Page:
In Stangerup’s ongoing experimentation with finding a state of balance – an equilibrium between often radically different drawing techniques and motifs – works from the history of art become participants in a play of associations, a jeu de motifs, and are recreated in new, original yet derivative works.
In his own distinctive way Stangerup establishes and investigates possible connections between the artworks beyond time and place, and in places the encounter seems violent, at other times slightly comical. The juxtapositions take you by surprise and the result becomes a kind of drawn ready-mades, with nods to the contemporary as well as the 20th-century avant-garde and earlier epochs of art history.
The avant-garde’s use of cut-up and collage seems to be a clear inspiration. But rather than cutting reproductions from magazine and books, Stangerup re-creates the existing material in charcoal, pastel and wax pastel on paper, which is his preferred medium. This means that drawn copies appear in assemblages that are supremely Stangerup’s own. The process results in a kind of appreciative mastery of the models, which have almost literally passed through his body and mind to find a place in his works.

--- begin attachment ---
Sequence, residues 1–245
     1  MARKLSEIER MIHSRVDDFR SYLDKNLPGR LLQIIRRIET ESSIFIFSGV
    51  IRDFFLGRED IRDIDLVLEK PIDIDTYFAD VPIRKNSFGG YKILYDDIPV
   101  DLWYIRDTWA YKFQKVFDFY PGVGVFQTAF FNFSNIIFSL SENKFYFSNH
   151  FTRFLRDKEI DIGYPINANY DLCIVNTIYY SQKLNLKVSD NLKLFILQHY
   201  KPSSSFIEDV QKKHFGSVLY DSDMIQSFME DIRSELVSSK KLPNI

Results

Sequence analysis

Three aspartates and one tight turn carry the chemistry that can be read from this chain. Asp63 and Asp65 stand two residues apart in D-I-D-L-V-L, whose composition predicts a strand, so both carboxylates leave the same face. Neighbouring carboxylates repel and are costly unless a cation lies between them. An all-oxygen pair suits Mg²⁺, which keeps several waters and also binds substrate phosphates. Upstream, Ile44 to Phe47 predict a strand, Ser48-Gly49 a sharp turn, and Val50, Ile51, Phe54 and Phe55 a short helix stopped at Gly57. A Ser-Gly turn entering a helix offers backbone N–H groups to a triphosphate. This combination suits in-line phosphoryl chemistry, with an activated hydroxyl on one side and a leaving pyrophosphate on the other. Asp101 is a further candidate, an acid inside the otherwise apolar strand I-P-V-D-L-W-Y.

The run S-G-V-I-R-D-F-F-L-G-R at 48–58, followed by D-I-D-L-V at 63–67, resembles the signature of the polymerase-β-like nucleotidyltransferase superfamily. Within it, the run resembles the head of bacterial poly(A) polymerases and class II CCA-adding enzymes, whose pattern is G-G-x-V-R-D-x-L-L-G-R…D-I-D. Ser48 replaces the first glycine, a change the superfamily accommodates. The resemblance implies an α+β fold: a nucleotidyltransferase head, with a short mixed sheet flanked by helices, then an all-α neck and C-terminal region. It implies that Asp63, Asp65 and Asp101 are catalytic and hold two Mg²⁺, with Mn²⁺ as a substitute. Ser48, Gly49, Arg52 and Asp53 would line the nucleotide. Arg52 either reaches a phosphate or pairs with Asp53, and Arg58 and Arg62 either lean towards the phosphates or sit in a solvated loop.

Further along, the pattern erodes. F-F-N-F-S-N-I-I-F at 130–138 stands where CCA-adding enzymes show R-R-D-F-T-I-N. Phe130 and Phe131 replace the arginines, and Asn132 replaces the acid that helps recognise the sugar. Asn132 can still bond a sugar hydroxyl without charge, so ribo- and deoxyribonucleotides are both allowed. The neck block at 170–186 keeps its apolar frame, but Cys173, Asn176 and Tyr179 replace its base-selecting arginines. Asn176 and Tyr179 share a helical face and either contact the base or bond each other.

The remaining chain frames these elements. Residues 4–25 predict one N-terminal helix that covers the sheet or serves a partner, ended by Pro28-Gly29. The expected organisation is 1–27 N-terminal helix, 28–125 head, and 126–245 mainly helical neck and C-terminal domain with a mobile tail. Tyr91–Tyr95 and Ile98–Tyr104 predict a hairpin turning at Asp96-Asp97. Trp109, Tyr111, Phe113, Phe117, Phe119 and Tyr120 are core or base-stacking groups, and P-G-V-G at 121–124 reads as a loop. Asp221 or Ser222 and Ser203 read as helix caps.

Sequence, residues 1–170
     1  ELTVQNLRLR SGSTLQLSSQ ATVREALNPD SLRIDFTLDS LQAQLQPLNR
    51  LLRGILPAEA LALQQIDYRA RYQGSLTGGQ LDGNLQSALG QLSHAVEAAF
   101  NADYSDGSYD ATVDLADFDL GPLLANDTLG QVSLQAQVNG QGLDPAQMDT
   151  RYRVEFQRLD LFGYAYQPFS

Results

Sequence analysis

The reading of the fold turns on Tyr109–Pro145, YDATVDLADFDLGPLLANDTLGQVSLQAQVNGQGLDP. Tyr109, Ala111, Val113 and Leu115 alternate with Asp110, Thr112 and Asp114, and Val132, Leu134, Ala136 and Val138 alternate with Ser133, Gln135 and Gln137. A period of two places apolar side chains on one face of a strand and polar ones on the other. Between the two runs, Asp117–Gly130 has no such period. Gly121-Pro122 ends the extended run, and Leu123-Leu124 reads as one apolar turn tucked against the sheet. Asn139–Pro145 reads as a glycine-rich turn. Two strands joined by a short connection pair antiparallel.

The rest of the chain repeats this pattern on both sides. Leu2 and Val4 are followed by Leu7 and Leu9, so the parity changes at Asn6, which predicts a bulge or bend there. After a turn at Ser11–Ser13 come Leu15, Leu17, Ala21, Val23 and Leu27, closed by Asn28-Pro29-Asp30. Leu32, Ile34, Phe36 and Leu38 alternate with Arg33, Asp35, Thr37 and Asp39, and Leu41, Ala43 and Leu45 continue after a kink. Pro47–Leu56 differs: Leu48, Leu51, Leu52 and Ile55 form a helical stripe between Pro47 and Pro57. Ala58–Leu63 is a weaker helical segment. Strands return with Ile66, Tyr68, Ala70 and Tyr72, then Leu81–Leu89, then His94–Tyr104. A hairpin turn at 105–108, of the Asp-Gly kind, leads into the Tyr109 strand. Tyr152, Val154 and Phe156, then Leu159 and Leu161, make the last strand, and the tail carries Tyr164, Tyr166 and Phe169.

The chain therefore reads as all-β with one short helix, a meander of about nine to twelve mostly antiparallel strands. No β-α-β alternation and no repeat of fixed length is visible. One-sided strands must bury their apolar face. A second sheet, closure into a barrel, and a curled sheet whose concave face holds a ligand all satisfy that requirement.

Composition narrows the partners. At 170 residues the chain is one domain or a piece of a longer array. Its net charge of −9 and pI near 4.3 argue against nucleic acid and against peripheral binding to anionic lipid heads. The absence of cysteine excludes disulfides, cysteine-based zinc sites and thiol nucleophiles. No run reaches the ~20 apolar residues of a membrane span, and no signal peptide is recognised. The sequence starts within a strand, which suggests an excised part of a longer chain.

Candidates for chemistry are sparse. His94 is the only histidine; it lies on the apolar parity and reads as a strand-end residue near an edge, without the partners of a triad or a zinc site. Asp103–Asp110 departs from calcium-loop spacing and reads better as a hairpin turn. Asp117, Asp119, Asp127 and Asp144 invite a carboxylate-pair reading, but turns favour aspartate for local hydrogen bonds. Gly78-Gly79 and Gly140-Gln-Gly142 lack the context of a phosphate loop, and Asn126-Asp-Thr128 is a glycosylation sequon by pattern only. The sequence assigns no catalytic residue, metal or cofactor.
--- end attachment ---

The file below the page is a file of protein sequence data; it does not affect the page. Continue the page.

Stangerup draws several drawings in one, in layers one over another, so clashes arise in both style and connotations. Nevertheless the compositions achieve a distinctive harmony that seems playful but far from accidental. The many layers are organized not hierarchically, but rather side by side. Foreground and background cancel each other out. The creative tension is in the balancing act that gives each element the same value irrespective of status and category. Everything is included together equally.
In a supplement to the suite of drawings, Stangerup has produced relief sculptures which at first glance appear to have been drawn directly on the wall. The sculptures are carved in steel with a laser-cut technique after originals by Egon Schiele, J.M. Basquiat and Hans Bellmer. They are assembled in several layers, identical in structure to the process with the drawings, and recall Pop Art, in particular by artists like Tom Wesselmann and Roy Lichtenstein.
About the artist:
Jacob Stangerup (b. 1971) lives and works in Copenhagen. Stangerup is a visual artist and works with drawings, photogravure and serigraphy. He takes a strong interest in classical sculpture and painting which is reflected in his work with the figurative and with human anatomy. Stangerup has exhibited at the Nivaagaard Collection of Paintings, Kunstforeningen Gl. Strand, Magasin 3 in Sweden, Museum & Foundation for Contemporary Art in Stockholm and at Sophienholm in Kongens Lyngby, just to mention a few places.